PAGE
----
Blackfalds Library shifts programming online during COVID-19 pandemic

Librarians looking to continue to provide community to clients

The Blackfalds Public Library have shifted their programming online due to the COVID-19 pandemic. (Photo courtesy: Twitter)

The Blackfalds Public Library have shifted their programming online due to the COVID-19 pandemic. (Photo courtesy: Twitter)

Librarians at the Blackfalds Public Library have come up with creative digital programming after they were forced to close their doors abruptly at the onset of the COVID-19 pandemic.

Nicole Rice, young adult librarian, said they had very little warning and she is still concerned for clients who have little to no online access.

“They can’t read online, so we are still concerned about those people because they still don’t have access to books and materials,” she said.

For their clients with online access, Blackfalds librarians continue to develop new programs and shift some of their former programs online.

“We are quickly as we can try to develop some kind of method of getting in touch with kids and adults we do programming with and getting some programs running again,” Rice said.

Laura Mackenzie, youth services librarian, said she quickly put some Lego and Megablock challenges online to fill the gap and she has since added further programming.

“I am now doing online story time on Zoom and I hope to progress that. I am doing it twice per week now and I am hoping to do more soon,” she said.

Rice said she moved their four Dungeons and Dragons groups on to an online platform.

“I jumped on that because we have three or four groups of D&D kids and adults running at the library. I threw up two then threw groups and we immediately got some of the kids that couldn’t play at the library anymore,” she said.

Rice added she has been working on developing online e-book clubs, which can be tricky due to cost of e-books.

“E-books are pretty expensive and we don’t get to access them simultaneously. We are working on developing a teen or youth book club as well using the online platform Zoom,” she said.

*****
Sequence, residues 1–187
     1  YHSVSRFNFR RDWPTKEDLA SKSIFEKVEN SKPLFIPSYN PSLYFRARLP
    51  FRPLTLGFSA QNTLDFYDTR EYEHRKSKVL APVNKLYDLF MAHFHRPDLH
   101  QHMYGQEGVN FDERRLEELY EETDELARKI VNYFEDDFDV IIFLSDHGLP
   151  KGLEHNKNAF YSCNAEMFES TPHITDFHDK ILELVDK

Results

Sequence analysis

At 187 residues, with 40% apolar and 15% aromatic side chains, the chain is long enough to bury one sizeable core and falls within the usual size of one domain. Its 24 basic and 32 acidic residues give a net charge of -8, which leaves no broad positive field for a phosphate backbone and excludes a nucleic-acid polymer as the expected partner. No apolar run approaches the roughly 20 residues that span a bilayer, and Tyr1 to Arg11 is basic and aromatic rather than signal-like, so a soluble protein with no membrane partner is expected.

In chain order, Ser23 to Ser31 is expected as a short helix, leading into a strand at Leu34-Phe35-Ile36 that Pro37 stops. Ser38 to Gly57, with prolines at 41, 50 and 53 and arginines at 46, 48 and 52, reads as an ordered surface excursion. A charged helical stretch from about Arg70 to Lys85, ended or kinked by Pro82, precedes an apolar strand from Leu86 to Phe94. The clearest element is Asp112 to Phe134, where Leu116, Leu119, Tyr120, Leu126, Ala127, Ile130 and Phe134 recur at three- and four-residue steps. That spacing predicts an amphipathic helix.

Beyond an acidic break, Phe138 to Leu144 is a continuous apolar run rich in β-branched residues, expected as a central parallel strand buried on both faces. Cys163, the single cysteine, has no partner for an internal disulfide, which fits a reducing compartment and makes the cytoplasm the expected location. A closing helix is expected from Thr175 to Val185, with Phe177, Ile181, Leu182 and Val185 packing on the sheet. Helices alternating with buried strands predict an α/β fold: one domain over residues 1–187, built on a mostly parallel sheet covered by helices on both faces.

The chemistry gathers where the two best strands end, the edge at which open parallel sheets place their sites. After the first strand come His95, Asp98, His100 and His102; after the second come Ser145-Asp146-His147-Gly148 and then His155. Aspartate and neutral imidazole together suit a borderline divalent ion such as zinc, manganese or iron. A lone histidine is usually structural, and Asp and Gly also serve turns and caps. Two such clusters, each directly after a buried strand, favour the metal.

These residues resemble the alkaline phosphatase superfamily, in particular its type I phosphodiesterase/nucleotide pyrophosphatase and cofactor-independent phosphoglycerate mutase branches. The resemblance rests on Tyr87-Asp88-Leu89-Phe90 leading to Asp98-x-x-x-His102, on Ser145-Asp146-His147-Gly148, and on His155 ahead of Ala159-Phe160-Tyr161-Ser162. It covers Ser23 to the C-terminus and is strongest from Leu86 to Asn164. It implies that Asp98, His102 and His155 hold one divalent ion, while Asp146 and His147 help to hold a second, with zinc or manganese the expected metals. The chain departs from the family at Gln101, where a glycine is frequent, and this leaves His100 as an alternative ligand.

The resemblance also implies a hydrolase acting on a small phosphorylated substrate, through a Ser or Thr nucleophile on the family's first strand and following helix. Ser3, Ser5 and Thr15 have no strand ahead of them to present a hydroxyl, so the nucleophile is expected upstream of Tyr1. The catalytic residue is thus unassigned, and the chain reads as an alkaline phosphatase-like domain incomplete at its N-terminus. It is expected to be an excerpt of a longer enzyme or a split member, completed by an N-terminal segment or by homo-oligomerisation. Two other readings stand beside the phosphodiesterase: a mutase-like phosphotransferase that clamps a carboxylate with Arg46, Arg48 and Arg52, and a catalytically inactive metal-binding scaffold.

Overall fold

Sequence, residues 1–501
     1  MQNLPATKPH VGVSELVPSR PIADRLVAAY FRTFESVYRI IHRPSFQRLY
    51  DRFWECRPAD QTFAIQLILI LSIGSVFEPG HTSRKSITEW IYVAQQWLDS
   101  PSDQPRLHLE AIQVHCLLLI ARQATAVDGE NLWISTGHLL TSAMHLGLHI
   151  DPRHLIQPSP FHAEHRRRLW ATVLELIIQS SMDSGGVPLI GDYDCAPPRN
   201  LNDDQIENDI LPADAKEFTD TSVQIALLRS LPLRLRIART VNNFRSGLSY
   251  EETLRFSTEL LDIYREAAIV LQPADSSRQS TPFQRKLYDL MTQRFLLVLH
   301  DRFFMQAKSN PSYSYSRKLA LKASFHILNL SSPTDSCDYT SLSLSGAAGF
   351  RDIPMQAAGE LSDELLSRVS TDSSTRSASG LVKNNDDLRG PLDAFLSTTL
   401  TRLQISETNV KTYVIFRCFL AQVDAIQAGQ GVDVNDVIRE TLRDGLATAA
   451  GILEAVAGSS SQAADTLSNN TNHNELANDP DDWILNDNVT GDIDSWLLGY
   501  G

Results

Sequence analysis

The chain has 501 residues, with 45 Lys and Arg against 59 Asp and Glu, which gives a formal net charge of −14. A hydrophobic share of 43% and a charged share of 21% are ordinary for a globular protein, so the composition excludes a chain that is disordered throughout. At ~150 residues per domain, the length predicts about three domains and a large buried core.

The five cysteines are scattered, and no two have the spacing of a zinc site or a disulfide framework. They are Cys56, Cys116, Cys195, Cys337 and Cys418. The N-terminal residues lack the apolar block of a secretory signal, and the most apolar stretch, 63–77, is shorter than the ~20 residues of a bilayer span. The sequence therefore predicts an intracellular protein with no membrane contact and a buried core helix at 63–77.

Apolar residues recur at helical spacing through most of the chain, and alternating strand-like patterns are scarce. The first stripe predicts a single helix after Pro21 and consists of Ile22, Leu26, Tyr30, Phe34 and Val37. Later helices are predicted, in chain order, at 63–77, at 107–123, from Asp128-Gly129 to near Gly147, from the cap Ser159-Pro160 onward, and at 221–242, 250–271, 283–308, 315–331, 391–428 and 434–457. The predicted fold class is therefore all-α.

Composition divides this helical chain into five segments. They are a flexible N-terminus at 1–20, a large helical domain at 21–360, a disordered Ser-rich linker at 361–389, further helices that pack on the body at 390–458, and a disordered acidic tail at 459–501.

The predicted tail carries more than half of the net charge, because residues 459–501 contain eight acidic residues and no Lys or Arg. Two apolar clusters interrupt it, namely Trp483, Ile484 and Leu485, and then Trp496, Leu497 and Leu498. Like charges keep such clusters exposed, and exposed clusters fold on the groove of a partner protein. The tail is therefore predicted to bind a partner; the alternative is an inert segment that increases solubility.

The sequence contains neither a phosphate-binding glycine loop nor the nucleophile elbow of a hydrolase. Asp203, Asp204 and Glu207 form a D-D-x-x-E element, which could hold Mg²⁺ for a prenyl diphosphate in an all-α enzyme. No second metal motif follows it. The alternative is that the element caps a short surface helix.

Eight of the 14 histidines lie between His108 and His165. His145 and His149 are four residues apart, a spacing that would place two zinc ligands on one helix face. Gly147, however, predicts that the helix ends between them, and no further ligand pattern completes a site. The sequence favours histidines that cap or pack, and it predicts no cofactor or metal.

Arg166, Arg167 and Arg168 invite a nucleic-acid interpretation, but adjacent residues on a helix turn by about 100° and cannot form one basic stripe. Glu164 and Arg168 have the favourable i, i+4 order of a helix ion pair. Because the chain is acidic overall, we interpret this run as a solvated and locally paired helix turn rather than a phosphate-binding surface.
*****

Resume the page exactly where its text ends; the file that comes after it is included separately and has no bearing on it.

Long-term, Rice said she is also working on library magazine.

“We are calling for contributors to put in their work and then we will put it together. That one is a slow build, but I am determined,” she said.

Rice is also continuing with Girls Who Code group, who are currently working on developing a videogame.

Currently, the library is not allowed to do delivery or curbside pick-up due to the fact COVID-19 can live on physical surfaces for an extended period of time.

“Maybe that will be doing something we can do in the future but we have to wait to see what the government says on that,” Rice said.

For many local seniors who relied on physically visiting the staff at the library — Rice said they and their front desk staff have shifted to phone calls with regulars.

“They are still calling, checking in on us and seeing how we are doing,” she said.We haven’t been able to do curbside or delivery as of yet,” she said.

Rice said the feedback from their clients has been positive and they are working to with kids, young adults and parents to ensure their programming is adaptable to student’s school schedules.

Key to all of their digital programs is ensuring cost is not a factor to access.

“Everything possible is free and it is really important to continue those friendships. A lot of our kids met at the library,” she said.

Mackenzie added libraries are essential at this time due to the community they develop.

“I think people need somewhere to reach out to be part of the community. We allow that,” she said

Rice added, “We are looking forward to doing more things online. We can hopefully continue on until we can open all the way again.”

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